University of Southern Indiana

USI to commemorate Day of the Dead with celebration, speech

USI to commemorate Day of the Dead with celebration, speech

10/31/2017 | University Communications
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The University of Southern Indiana will commemorate the Day of the Dead at 7:30 p.m. Wednesday, November 1 in the lobby of the Liberal Arts Center. The event is free and open to the public, and light refreshments will be served.

Dr. Manuel Apodaca Valdez, associate professor of Spanish, will present a speech on the history of the Catrina skull, an international symbol of the Day of the Dead celebration.

The commemoration is organized by the Hispanic Student Union Latinos Unidos, Spanish Club and Black Students Union and is sponsored by the College of Liberal Arts. Organizers hope the event will foster awareness about diversity in campus.

For more information about the Day of the Dead, contact Dr. Manuel Apodaca Valdez at mdapodacav@usi.edu or 812-228-5038.


The Catrina Skull

One of the most representative images of the Day of the Dead is the Catrina skull, a popular icon representing an elegant lady with a colorful feathered hat created by Mexican artist José Guadalupe Posada early in the twentieth century.

Posada was born on February 2nd, 1852 in Aguascalietes, Mexico. He spent 12 years in León, a city located in central Mexico, making a career as a printmaker and entrepreneur until 1888 when the city of León was destroyed by a flood that forced Posada and his family to move to Mexico City. Around 1990, he joined the workshop of Antonio Vanegas Arroyo, with whom he would work until his death. With Vanegas Arroyo, Posada produced thousands of illustrations complemented with popular verses for a wide range of publications and newspapers, including El Argo, La Patria, El Ahuizote, and El Hijo del Ahuizote. All of them reflected an open anti-establishment political position. It was during this period that Posada fully developed what was to become popular Mexican graphic art and created the caricatures of his most famous skulls, one of which being the Catrina skull.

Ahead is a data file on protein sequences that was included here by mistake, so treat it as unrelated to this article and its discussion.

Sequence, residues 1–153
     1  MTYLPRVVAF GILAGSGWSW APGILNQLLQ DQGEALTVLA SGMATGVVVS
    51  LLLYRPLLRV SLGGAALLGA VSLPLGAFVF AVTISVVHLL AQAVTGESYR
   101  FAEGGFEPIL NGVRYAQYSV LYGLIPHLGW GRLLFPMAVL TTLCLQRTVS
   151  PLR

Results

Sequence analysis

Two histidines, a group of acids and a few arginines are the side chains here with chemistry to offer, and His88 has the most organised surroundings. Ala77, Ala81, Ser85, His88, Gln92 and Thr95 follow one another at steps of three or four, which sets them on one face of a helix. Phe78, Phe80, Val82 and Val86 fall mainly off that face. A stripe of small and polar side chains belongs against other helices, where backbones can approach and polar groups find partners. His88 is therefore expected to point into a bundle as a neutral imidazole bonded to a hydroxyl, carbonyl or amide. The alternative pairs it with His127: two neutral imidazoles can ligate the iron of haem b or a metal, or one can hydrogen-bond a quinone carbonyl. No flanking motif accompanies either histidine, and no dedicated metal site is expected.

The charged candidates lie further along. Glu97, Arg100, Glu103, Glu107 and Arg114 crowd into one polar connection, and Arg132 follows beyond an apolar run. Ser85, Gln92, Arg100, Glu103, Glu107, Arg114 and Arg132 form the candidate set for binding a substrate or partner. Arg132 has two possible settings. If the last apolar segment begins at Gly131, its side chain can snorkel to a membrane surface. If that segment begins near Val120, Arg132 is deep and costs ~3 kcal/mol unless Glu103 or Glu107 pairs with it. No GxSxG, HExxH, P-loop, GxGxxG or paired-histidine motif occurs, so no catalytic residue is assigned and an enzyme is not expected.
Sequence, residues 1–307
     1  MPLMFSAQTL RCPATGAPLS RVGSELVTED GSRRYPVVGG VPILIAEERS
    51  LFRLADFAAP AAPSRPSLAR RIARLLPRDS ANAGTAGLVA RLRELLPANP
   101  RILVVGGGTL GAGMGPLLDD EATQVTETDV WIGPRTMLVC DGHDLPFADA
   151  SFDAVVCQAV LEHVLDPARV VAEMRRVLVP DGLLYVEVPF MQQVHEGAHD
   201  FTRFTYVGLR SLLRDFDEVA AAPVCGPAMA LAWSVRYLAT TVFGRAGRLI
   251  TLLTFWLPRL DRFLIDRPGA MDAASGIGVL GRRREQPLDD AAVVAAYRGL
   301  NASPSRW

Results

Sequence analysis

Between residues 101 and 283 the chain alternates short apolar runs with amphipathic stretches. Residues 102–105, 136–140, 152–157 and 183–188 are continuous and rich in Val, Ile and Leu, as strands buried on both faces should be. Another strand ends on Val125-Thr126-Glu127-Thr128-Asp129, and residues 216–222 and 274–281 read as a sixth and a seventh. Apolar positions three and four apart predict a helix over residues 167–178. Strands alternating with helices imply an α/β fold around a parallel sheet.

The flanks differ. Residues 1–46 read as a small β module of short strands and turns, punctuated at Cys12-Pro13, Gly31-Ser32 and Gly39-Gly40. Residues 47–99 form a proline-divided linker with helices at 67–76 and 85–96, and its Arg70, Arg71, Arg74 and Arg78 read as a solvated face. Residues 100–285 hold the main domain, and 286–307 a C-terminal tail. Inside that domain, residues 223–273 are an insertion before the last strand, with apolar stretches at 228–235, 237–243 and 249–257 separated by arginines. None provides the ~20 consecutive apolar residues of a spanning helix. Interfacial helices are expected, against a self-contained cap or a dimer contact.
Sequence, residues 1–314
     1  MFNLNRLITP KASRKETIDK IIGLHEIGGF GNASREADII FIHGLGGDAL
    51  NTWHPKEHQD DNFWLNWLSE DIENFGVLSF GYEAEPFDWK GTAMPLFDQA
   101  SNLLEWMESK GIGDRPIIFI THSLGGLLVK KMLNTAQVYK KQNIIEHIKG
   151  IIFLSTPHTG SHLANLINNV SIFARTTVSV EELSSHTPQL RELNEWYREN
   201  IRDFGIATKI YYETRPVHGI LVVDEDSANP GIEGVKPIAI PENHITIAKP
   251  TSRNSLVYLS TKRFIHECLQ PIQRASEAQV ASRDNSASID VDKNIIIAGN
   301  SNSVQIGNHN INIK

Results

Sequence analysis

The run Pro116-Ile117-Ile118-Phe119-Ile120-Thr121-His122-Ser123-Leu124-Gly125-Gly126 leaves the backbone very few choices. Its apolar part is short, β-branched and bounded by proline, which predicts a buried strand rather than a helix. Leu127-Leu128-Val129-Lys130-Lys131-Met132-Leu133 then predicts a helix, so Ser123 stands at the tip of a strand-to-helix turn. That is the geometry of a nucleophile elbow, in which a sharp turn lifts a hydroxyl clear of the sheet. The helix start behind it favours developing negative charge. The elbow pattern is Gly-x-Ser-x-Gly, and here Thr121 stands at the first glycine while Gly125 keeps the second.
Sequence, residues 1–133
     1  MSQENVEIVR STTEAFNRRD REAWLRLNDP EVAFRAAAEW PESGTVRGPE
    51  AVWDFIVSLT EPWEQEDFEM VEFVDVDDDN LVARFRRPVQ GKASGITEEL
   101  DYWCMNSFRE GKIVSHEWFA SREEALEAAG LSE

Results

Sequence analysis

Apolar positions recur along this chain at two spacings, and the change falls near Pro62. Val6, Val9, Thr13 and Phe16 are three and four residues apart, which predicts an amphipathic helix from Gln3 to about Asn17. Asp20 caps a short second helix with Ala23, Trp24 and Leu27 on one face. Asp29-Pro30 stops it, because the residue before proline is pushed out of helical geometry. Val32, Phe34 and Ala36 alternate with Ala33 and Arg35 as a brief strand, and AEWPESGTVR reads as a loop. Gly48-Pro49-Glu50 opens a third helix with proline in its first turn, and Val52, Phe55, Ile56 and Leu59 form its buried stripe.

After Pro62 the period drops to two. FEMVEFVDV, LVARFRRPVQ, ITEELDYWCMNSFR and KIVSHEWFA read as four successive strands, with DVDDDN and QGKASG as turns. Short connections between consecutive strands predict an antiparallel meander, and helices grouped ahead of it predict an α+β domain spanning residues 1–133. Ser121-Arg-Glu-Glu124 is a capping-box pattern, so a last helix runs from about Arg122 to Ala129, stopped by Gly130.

For the most part, Posada’s illustrations were political satire images. This period of the Mexican history was called the Porfiriato, as the dictator ruling Mexico was President Porfirio Diaz. Focusing on daily life events, Vanegas Arroyo and Posada produced a vast and inexpensive illustrated literature for the lower class. These leaflets and booklets satirized many poignant issues of the day.

Posada’s work influenced the Mexican muralism art movement of the post-revolutionary period. Diego Rivera’s mural, Dream of Sunday Afternoon in Alameda Park, portrays Posada at the center of the famous fifty-foot fresco sided by an elegant Catrina skeleton. It is likely that Catrina as a symbol of the urban bourgeoisie at the turn of the nineteenth century began with this image of Diego Rivera. Another of the three great Mexican muralists, Jose Clemente Orozco, also paid homage to Posada’s work in his memories: “Posada is like the true great artists, an admirable lesson in simplicity, humility, equilibrium, and dignity” (La Jornada Semanal, 3 Feb. 2002). It was only after his death, that Posada’s work became recognized on a national and international level. In the 1921, French artist Jean Charlot recognized the importance of Posada’s engravings and published some of them in France and Europe. He described Posada as “Printmaker to the Mexican people”. (The Public Domain Review).

 

When did Posada create his renowned Catrina skull?

La Catrina, Posada’s most compelling and festive icon, was one of his latest creations and was not published during his lifetime. Posada created the Catrina skull in 1912, but it was not published until ten months after his death on January 20, 1913. There are at least two versions about the significance of the image: one says that she is a caricature of high class women of his time. By portraying a wealthy, fancy French-style woman in her expensive dress, and feathered hat, Posada wanted to fuel opposition to the dictatorial regime. The other version says that La Catrina was originally called the “Calavera Garbancera,” which represents indigenous and low-class women who aspire to look like European aristocratic women in the pre-revolution era.

 

What do “garbancera” and “catrina” mean?

On the one hand, “garbancera” is a derogative popular term to call someone that only eat chickpea, relating in this case to low-class women. On the other hand, “catrina,” although less derogative, is a Mexican term referring to someone who dresses fancy or with elegance. Both terms are out of the Mexican jargon nowadays, but “catrína” can be found in literature and film of the first half of the twentieth century. Whatever the skull name was initially, the origin of the Catrina skull is now more a part of the legend than of real history, an icon that has become not only a symbol of the Day of the Dead, but also of Mexican identity in many ways.

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